Is The European Union about to Legalize Recreational Cannabis? (South Africa Says Don’t Forget about Us!)July 26, 2022
Germany, The Netherlands, Malta, and Luxembourg Hold Historic Meeting on Cannabis
Officials from these European nations met a few days ago to talk about legalizing recreational cannabis, marking the first of what may be several other joint meetings that could include other countries later on.
Cannabis law reform is currently sweeping the European continent, though the United Nations prevents member states from legalizing recreational marijuana. However, the countries released a joint statement staying that while their meeting didn’t end with major decisions, officials know that keeping a prohibitionist stance on marijuana is not going to be met without criticism. In addition, their statement says that it’s the “first multilateral exchange” with the intentions of discussing how marijuana can be regulated for both use that is not medical nor scientific.
They added that the discussions were necessary for many reasons including ironing out public health risks posed by the black market, and determining solutions for law enforcement to better identify various kinds of cannabis products. Additionally, the statement emphasized the importance of reviewing current marijuana policies especially in the light of other countries recently changing their own drug policies.
Will South Africa Be The Next Major Player in The Global Cannabis Industry?
South Africa already enjoys a low agricultural production cost because of low labor costs and good environmental conditions, making it a prime destination for cultivating marijuana. Furthermore, South Africa has a great track record when it comes to innovating agricultural processes, medical innovation, and top-notch quality control for MMJ licensing. “Local production has been primarily geared towards raw cannabis flower and extracts for exports to foreign markets as bulk active pharmaceutical ingredients. Demand is set to increase as pharmaceutical product development pipelines approach commercialization globally,” says the firm.
Last May 27, 2022, the Presidency issued a draft for public comment on the Country Investment Strategy (CIS). It indicates that marijuana is recognized as a legal and global traded agricultural commodity. The CIS adds that the state still has doubts when it comes to the use of marijuana recreationally and that it requires extensive research. “Considering South Africa’s agricultural competitiveness profile, the CIS concludes that cannabis grown and processed for medicinal use is the most viable competitive sales channel to pursue at an industrial scale and that capabilities developed for medicinal production can be rapidly deployed to service recreational demand from either local or international markets,” reads the draft.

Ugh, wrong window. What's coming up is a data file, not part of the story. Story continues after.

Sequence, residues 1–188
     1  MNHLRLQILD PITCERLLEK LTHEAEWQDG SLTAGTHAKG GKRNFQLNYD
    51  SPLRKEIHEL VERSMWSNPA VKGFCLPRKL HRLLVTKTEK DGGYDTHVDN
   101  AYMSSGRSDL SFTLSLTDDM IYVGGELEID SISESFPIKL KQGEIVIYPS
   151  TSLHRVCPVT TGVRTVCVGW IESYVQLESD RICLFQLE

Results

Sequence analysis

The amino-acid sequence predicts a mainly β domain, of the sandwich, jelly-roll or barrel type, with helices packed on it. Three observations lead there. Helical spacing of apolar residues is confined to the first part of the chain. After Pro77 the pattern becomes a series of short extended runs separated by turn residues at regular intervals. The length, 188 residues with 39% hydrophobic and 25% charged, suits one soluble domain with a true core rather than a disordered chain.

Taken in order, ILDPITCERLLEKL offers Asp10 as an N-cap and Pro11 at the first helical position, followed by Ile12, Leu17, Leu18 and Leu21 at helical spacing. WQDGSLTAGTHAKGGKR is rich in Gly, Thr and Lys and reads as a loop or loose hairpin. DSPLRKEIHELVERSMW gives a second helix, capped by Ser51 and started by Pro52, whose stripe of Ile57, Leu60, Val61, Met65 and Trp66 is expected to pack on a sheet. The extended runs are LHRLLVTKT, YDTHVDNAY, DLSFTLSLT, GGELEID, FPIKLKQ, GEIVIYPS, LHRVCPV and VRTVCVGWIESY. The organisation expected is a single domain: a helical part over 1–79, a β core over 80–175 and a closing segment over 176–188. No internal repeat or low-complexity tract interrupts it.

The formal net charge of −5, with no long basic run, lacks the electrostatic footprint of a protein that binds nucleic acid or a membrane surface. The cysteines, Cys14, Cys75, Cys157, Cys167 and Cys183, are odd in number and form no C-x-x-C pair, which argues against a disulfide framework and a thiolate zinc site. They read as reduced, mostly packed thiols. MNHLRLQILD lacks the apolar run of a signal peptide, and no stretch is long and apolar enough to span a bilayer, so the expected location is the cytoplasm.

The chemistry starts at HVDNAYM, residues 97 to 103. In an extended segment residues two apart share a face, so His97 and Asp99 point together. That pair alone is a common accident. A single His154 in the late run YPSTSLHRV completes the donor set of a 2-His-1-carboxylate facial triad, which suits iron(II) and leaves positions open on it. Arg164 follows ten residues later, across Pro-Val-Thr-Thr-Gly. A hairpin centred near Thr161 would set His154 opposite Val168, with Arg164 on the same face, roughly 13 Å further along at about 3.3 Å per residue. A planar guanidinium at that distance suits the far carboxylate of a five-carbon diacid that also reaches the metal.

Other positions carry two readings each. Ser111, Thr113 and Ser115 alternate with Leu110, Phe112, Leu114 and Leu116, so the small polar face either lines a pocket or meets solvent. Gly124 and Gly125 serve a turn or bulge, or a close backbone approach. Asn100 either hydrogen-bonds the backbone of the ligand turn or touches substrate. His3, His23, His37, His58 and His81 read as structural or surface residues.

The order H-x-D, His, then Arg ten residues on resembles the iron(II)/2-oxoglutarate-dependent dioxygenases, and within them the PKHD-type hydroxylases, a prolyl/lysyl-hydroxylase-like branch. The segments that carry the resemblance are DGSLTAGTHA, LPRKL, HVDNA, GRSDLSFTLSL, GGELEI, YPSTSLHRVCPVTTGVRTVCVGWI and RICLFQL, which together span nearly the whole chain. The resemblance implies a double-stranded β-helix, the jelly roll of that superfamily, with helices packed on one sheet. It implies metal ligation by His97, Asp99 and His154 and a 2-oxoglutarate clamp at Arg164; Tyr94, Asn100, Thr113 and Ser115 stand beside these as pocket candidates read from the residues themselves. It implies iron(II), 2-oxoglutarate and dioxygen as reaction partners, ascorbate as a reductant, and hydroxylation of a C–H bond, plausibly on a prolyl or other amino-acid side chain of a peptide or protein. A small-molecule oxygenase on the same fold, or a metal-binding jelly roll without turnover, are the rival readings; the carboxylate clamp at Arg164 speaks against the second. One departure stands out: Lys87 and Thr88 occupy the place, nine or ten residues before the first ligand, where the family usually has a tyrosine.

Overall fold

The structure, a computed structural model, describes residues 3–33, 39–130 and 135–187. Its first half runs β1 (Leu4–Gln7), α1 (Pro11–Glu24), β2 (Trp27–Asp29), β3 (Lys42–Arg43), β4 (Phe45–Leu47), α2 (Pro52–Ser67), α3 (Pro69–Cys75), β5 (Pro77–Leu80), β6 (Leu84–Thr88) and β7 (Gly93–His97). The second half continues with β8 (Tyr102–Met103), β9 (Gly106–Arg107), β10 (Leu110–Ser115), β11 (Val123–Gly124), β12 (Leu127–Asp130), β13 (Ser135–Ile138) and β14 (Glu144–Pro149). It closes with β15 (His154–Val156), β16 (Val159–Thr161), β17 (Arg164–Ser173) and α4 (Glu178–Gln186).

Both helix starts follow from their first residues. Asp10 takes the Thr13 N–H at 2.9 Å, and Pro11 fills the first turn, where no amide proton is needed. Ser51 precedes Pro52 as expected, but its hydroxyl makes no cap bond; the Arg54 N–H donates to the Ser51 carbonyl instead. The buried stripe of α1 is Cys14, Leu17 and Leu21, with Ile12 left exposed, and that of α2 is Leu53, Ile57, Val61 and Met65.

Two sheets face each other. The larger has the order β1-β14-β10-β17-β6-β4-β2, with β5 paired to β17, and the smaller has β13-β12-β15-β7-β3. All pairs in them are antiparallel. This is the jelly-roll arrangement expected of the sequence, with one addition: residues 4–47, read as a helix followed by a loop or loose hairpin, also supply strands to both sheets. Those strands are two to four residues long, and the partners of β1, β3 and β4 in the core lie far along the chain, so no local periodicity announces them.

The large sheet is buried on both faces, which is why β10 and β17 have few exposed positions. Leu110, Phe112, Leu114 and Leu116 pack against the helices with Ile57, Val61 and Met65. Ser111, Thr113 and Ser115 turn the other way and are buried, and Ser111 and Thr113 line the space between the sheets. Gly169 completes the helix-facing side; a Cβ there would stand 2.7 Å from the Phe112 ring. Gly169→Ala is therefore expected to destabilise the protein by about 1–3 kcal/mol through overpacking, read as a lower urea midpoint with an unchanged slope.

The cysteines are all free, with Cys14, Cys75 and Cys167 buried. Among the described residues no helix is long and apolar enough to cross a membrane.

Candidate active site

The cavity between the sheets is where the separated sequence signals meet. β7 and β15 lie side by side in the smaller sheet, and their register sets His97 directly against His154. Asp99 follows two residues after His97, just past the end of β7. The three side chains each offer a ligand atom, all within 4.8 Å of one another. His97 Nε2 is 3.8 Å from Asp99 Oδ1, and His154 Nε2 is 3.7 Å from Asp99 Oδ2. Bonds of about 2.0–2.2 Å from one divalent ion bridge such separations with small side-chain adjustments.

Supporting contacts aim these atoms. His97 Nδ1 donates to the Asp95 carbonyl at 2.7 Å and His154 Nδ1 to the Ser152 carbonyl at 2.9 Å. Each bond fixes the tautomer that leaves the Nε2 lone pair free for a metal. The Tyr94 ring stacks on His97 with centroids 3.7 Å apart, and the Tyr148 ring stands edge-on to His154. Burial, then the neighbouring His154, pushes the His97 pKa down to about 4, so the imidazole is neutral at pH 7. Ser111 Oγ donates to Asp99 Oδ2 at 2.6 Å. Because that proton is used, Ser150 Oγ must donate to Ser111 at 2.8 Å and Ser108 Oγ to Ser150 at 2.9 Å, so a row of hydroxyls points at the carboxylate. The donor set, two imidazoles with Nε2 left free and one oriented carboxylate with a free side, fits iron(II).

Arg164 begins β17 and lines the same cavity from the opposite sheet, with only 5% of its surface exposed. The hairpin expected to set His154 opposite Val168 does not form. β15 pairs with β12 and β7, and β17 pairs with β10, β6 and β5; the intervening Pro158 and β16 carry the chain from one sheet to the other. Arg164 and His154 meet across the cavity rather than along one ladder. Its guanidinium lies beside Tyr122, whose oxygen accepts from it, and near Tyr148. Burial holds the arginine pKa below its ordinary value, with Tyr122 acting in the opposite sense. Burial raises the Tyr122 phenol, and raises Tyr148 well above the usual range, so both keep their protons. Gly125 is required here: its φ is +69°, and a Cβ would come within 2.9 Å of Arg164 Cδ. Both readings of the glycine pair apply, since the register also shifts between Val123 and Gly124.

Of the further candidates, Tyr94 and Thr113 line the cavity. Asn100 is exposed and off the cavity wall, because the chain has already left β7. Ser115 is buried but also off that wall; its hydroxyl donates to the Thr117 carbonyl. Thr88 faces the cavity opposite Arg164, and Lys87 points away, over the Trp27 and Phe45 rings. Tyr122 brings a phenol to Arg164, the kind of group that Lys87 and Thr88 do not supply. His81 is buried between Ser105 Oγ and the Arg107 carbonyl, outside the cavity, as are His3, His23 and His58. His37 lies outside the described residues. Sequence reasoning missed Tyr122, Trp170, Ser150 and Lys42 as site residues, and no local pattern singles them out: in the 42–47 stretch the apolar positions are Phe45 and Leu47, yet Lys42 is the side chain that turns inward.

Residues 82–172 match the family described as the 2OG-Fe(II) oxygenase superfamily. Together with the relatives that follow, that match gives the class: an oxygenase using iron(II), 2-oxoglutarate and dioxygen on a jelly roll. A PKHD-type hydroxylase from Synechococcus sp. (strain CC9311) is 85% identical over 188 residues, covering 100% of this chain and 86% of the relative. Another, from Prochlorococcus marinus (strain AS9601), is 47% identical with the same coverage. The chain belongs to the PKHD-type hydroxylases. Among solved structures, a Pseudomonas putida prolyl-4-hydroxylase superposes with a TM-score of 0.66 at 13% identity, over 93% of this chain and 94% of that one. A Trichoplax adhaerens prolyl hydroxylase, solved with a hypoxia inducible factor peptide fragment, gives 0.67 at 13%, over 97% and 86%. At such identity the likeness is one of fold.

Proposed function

“Accordingly, what is being prioritized is the development of a supportive legal framework which both streamlines export-scale production and opens up domestic market access through clear, sensible regulation of medicinal cannabis coupled with investment mobilization and enabling activity by the state,” it adds.
Mayor of Brussels Calls for Marijuana Decriminalization
Philippe Close, Brussels’ city mayor, once again comes forward urging for the decriminalization of marijuana. He thinks a national debate should be held, stating that cannabis legalization is needed to significantly reduce the violence that has been associated with drug trafficking.
Close told Le Soir, a French language newspaper, that there have been 22 shootings in Brussels since the year started, all of which have been tied to drug trafficking. “I have no doubt that after the publication of this interview, I will be accused by some of being a great promoter of drugs, or being laissez-faire. But I am addressing societal problems,” he says. “Let’s have a calm debate. I am convinced that by taking cannabis out of the criminal field, we can focus on addressing the trafficking of hard drugs,” he adds.
Marijuana continues to be the number 1 consumed illicit drug in Europe but that won’t stop, so it’s up to nations to decriminalize it and address the black market instead.
According to Close, Brussels is already working on the drug trafficking by cooperating with both the federal and Antwerp police. “But believing that we are going to solve a problem – drug addiction – only through police repression, doesn’t work. We have to get away from this hypocrisy,” he said.
He believes that a national drug plan is necessary so that all actors involved will cooperate with the federal government. Close also reiterates that what he is doing is not the promotion of marijuana but rather the management of the drug.
Ireland Court Challenges Ban On Goods With THC
Andrius Rogusas who, on October 2020, brought in cannabis oils from Slovenia, has challenged Ireland’s legal ban on any products that contain THC. The cannabis products were confiscated by Customs because they were banned even if the items were produced legally in another European country, with under 0.2% THC.
Mr. Rogusas, represented by Stephen Faulkner BI and Derek Shortall SC states that the 1977 Misuse of Drugs Act’s outright ban on all items with any level of THC contradicts the European laws regarding free movement of goods. He adds that a Courts of Justice decision in the European Union permits products with under 0.2% THC to be produced and sold within the continent. Because of this, it should not be possible to completely ban any product even those that have THC. However, he acknowledges that the ban of THC goods can only be done on the grounds of public health, backed up by assessments and scientific data.
Unfortunately, his claims were denied; since THC is a controlled substance by the State, they have the full liberties of prohibiting it.
Mr. Rogusas’ claims are one of many challenges that have been brought to the courts regarding the State ban on THC products.